United States District Court, E.D. Virginia, Alexandria Division
TERRY L. ADAMS, Petitioner,
UNITED STATES OF AMERICA, Respondent.
MEMORANDUM OPINION AND ORDER
O'Grady United Stales District Judge
matter comes before the Court on Petitioner's Motion
Under 28 U.S.C. § 2255 to Vacate, Set Aside, or Correct
Sentence by a Person in Federal Custody. Dkt. 39. Petitioner
has also filed motions to supplement his § 2255 Motion
with the proposed supplements included. Dkt. Nos. 53 and 56.
The motions to supplement (Dkt. Nos. 53 and 56) are
GRANTED and the supplements considered
properly filed. For the reasons below and for good cause
shown, Petitioner's Motion Under 28 U.S.C. § 2255
(Dkt. 39) is DENIED.
February 14, 2011, Petitioner pleaded guilty to conspiracy to
distribute 280 grams of crack cocaine in the Eastern District
of Virginia. On April 29, 2011, this Court sentenced
petitioner to the mandatory minimum 240 months of
imprisonment. Petitioner did not file a direct appeal. His
conviction became final on February 28, 2011, 14 days after
his guilty plea. Nearly six years later, Petitioner filed the
instant petition, his first, on January 9, 2017.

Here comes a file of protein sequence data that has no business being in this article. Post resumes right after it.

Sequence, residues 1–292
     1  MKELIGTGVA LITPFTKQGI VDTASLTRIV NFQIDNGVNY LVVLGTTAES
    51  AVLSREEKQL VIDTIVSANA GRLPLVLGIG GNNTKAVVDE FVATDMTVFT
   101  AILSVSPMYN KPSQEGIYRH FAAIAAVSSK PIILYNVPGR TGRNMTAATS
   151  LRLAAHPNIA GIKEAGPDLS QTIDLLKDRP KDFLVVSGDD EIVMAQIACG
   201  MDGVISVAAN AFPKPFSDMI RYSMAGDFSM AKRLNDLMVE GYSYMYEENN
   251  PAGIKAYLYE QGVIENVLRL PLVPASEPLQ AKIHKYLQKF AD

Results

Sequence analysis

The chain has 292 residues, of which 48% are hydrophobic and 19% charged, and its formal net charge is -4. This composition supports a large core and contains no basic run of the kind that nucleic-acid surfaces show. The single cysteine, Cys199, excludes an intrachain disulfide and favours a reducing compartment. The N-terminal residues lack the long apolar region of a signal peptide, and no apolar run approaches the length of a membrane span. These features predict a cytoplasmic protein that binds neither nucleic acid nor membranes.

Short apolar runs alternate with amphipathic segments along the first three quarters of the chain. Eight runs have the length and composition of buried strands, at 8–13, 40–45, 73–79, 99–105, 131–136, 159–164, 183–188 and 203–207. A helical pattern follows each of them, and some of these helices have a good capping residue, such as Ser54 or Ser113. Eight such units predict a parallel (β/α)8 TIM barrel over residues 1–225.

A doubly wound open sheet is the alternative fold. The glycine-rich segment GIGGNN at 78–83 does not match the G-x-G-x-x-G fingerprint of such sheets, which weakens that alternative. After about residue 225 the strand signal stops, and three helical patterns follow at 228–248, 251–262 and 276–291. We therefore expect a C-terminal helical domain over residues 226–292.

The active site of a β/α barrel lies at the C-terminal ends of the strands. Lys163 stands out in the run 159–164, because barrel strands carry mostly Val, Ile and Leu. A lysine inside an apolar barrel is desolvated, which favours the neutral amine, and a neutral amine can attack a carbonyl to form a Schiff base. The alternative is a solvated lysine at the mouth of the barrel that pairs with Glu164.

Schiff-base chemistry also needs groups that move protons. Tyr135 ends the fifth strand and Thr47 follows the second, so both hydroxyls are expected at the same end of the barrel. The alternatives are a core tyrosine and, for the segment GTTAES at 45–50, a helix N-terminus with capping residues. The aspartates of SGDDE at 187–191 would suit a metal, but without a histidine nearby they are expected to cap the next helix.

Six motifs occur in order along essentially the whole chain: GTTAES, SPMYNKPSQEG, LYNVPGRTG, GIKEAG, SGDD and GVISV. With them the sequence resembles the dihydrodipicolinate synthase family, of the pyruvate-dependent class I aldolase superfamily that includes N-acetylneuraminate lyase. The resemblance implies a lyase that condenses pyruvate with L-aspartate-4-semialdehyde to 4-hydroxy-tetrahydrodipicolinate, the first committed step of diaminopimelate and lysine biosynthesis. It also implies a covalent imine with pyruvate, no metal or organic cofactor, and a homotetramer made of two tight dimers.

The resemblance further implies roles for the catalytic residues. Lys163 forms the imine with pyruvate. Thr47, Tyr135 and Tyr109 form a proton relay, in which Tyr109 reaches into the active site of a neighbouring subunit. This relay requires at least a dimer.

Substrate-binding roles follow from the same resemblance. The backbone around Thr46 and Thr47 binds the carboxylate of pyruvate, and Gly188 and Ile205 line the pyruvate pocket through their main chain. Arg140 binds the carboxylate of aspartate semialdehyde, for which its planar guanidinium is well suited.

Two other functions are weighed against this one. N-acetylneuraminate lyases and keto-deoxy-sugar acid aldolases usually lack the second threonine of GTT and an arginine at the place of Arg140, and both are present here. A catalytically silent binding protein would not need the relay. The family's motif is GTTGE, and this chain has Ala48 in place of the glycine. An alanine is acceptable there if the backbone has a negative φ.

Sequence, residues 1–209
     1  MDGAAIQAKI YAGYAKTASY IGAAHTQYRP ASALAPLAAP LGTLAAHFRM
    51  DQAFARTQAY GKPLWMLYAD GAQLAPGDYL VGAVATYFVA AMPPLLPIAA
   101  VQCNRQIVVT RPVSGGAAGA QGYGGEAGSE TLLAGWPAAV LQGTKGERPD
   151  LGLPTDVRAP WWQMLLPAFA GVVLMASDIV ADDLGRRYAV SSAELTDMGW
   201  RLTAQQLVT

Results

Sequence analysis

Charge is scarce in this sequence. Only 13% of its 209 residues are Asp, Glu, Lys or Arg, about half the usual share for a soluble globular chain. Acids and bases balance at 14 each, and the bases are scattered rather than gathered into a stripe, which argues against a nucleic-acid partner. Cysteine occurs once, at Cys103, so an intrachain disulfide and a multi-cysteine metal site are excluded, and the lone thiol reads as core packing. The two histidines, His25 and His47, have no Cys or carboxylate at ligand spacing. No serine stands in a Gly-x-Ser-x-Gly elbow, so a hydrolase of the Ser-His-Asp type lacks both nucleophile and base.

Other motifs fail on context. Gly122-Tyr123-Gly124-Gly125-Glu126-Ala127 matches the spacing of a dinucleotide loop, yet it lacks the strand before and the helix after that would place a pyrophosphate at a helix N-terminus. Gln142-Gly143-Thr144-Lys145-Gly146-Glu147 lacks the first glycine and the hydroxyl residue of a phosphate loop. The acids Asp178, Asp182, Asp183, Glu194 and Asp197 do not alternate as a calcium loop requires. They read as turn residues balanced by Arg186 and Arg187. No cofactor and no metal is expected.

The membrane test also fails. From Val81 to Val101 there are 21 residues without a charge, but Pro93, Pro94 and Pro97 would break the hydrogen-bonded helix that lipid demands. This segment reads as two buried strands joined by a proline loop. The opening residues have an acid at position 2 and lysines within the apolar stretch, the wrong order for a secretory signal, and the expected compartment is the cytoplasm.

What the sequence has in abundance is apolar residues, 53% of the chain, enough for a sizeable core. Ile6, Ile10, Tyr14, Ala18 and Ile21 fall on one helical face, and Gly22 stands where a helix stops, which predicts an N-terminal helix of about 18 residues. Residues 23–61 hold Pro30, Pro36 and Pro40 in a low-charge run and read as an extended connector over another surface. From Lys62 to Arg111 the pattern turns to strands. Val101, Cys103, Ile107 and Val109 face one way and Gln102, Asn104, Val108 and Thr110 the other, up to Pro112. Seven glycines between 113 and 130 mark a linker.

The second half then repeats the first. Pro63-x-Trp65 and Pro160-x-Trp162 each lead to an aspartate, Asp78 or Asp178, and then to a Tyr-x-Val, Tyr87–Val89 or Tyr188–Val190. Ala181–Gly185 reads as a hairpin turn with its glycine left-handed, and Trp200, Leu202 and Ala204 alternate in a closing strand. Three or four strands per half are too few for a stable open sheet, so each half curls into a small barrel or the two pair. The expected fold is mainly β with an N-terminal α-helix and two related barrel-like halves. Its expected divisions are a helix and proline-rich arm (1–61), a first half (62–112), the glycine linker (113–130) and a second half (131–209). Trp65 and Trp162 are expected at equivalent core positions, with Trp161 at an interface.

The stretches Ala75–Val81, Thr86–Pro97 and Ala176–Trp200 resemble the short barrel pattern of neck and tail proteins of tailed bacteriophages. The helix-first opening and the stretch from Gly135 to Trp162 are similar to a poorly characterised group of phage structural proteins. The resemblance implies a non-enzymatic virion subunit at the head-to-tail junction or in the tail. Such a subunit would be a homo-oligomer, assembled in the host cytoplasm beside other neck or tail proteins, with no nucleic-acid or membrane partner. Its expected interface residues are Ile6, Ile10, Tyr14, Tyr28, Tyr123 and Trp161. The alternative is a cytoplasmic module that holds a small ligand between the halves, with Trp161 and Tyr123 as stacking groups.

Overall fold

alleges that he received ineffective assistance of counsel
because his attorney 1) failed to appeal; 2) failed to
consult with Petitioner regarding an appeal; 3) failed to
notice an appeal, withdraw, or file a brief laying out why
grounds for appeal were frivolous (an Anders brief);
4) failed to challenge the relevant drug weight; 5) failed to
argue entrapment; 6) failed to argue against sentence
stacking; 7) failed to argue against the Government's
theory of the conspiracy; 8) failed to challenge the
statement of facts; 9) improperly waived preliminary hearing
and indictment; and 10) allowed petitioner to plead to a
instant petition was filed nearly six years after
Petitioner's conviction became final, the Court must find
that his petition is time-barred under 28 U.S.C. §
2255(0- 28 U.S.C. § 2255(f)'s one-year limitation
runs from 1) the date on which the judgment of conviction
became final; 2) the date on which the impediment to making a
motion created by governmental action in violation of the
Constitution or laws of the United States was removed, if the
movant was prevented from making a motion by such
governmental action; (3) the date on which the right asserted
was initially recognized by the Supreme Court, if that right
has been newly recognized by the Supreme Court and made
retroactively applicable to cases on collateral review; or
(4) the date on which the facts supporting the claim or
claims presented could have been discovered through the
exercise of due diligence. 28 U.S.C. § 2255 (West 2008).
argues that he has recently learned of case law that would
have aided him in his case that his attorney should have
utilized prior to the plea agreement and that this newly
discovered (though not newly developed) case law constitutes
newly discovered facts, rendering his petition timely under
§ 2255(f)(4). Petitioner's argument would render
meaningless § 2255(f)'s time-bar. Newly discovered
case law does not constitute newly discovered facts as
required by § 2255(f)(4). Langley v. United
States, 2015 WL 2450537, at *3 (E.D. N.C. May 21, 2015).
also asserts that governmental action impeded his ability to